But as we said earlier, the light falling on an object is only part of the equation – what about surface and texture?

Two paint finishes show how the same colour can appear very differently.

In simple terms, there are four key dimensions to surface: reflectance (or shine’), transmission (or ‘transparency’), scattering (or ‘roughness’) and absorption.

We are incredibly good at reading this combination of colour and texture to ‘feel’ objects in the world - in fact, those two neural pathways are intimately connected. The ability to interpret those subtle visual cues are, oddly, more important than ever in this world of social isolation where we rely so heavily on the screen for our experience of the world.

The next level of processing is the ‘meaning’ or functional relevance of those signals - is this a ‘leaf’ and is it fresh and good to eat? Psychologists have shown that giving students a seat number written in red before their exam instead of a black one will reduce their grade by an average of 20%, placebo pills in warmer colours are more effective than those in cool colours, teams wearing red kit consistently beat those donning blue, men find women more sexually attractive when they wear red. The list goes on. And brands are well aware of those primitive and profound responses to colours and use them all the time to shape our consumption habits - we’ll talk more about that in the next webinar.

But those functional meanings seem to have given rise to an almost universal set of cultural meanings. For example, the colour black is broadly associated with shadows, death and evil, the colour red associated with passion, the colour blue with calm. It’s interesting to note that most of us experience some level of cross-over between those sensory modalities - a colour conjures up a sound, a taste, a shape or a movement. The celebrated Bouba Kiki experiment is a great example – people tend to assign a ‘soft’ word (bouba) and a ‘gentle’ colour (e.g. blue) to the shape on the left.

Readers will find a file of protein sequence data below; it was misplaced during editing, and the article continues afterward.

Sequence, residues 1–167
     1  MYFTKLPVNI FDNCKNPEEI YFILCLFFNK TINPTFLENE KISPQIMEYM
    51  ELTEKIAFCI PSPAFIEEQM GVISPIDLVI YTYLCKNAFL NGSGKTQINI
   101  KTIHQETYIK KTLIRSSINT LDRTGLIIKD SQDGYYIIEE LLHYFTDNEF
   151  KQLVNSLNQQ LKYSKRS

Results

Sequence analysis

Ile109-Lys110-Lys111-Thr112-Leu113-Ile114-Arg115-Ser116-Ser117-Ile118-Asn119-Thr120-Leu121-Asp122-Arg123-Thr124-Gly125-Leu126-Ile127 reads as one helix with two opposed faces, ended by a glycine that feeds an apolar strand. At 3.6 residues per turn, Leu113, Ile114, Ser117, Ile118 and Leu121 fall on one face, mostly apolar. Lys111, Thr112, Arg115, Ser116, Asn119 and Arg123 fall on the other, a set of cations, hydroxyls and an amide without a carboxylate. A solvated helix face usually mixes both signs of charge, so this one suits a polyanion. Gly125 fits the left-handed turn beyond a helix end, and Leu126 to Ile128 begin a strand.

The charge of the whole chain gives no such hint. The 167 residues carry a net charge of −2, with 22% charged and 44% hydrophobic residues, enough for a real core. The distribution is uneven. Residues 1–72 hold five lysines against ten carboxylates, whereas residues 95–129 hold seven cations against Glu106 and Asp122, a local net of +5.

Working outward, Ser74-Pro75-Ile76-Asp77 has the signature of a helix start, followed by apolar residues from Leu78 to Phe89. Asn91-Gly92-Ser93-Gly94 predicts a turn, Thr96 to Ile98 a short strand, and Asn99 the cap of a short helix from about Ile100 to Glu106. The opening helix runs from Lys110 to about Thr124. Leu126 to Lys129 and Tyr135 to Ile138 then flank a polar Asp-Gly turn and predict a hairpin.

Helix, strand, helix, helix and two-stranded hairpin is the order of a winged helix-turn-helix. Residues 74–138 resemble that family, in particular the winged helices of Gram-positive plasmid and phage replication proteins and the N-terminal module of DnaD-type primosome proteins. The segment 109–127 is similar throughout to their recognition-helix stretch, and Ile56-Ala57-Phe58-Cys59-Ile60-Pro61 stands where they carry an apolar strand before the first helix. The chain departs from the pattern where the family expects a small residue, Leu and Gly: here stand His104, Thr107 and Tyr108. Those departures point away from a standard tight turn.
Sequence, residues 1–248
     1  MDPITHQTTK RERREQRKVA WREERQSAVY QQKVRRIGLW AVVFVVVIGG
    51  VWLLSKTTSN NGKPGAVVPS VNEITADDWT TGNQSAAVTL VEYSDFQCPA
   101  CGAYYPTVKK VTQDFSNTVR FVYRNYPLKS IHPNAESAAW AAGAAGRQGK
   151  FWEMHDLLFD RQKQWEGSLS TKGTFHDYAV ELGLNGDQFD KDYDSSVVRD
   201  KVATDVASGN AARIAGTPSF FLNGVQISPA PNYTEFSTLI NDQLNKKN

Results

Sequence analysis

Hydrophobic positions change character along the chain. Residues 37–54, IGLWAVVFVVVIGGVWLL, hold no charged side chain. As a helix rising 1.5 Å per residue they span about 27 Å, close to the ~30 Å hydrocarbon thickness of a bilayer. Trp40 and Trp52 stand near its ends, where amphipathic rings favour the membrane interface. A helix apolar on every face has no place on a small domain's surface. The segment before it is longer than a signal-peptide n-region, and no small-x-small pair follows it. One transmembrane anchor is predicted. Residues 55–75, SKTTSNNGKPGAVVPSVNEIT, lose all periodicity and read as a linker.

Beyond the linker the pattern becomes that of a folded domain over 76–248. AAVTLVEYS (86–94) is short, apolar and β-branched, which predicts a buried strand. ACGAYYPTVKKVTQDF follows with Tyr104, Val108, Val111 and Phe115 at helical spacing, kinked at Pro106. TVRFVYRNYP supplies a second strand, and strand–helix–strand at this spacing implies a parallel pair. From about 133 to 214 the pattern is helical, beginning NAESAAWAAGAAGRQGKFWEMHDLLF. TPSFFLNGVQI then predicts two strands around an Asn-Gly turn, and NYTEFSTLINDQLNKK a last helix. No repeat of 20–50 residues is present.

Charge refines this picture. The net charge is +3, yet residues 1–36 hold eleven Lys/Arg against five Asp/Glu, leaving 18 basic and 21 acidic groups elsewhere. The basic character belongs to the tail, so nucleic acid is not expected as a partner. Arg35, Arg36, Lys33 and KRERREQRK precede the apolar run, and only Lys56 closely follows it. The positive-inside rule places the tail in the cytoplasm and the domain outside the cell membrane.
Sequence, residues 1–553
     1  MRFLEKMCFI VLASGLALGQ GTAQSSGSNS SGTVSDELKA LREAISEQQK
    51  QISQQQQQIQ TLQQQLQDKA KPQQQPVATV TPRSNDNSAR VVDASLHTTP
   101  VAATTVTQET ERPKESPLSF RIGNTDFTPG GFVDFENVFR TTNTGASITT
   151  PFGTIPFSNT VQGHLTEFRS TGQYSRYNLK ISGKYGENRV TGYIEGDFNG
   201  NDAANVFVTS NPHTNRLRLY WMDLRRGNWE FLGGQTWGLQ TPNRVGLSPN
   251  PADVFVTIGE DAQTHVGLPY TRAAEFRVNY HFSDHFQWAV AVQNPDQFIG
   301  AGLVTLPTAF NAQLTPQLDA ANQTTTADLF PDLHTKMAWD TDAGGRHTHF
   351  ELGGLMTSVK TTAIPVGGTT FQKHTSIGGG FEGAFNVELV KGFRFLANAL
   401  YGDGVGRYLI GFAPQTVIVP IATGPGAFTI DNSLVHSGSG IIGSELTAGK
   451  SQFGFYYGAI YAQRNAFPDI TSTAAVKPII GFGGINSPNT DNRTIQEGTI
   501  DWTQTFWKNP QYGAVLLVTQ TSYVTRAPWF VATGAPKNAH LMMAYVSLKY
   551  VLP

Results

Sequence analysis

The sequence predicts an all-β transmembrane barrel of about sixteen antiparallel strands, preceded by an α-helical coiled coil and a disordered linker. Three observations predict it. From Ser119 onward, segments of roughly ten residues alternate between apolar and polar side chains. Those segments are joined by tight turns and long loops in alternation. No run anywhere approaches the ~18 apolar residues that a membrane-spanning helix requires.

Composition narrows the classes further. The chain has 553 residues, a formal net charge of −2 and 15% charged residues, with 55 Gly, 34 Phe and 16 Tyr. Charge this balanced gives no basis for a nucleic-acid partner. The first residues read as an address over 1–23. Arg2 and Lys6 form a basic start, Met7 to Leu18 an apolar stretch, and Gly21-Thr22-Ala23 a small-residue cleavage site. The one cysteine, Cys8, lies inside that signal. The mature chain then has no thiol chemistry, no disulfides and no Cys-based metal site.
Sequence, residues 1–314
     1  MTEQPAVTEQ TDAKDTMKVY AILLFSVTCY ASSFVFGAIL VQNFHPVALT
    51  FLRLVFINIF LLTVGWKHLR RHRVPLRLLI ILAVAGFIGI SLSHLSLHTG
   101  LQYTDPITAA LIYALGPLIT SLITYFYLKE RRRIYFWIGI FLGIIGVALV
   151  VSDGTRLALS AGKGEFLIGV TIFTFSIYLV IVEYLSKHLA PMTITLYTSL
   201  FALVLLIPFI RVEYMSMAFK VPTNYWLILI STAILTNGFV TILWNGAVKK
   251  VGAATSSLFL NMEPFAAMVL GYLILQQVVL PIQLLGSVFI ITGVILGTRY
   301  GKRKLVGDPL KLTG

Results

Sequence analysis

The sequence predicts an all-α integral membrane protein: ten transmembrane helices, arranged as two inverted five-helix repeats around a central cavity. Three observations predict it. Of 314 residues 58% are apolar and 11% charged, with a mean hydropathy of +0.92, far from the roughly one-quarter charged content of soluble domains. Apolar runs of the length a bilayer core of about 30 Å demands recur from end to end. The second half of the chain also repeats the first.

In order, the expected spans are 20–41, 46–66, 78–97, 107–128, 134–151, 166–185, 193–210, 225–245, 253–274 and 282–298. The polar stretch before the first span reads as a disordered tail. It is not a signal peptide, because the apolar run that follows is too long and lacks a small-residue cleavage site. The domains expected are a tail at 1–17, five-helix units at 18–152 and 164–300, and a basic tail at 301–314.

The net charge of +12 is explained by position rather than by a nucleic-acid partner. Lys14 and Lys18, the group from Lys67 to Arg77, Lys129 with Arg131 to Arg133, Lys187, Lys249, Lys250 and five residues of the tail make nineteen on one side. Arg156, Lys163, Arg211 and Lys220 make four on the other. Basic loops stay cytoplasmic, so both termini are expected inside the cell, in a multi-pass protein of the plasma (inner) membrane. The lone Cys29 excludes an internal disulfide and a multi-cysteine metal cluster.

For some people with synaesthesia. that extends to a vivid and consistent integration of colour with other dimensions of experience.

The final level of processing is language - the names we give those colours. There are five universal colour categories - black, white, red, yellow and ‘blue/green’ or ‘grue’. Newton gave us the seven colours of the rainbow, while some cultures have no words for colours as we know them at all, simply qualities of objects such as different types of snow.

Women tend to have a wider vocabulary for colour words - and it turns out that the more names we have for colours, the more colours we are able to see. The names we use for colours also affects our experience of an object - a paint colour with a name that evokes taste, scent or other modality, e.g. ‘cappuccino’ is perceived as being of higher value. That light touch at work again.

So - in summary.

  • Colour is an ancient, universal and yet uniquely personal experience that shapes every aspect of our health and happiness - from our view of the planets to the beating of our hearts and the brands we buy.

  • This complex and dynamic experience arises from the play of light on surface and texture. As we are forced to spend more time indoors, each of us has the power and the responsibility to harness the power of light, colour and surface for good and for everyone.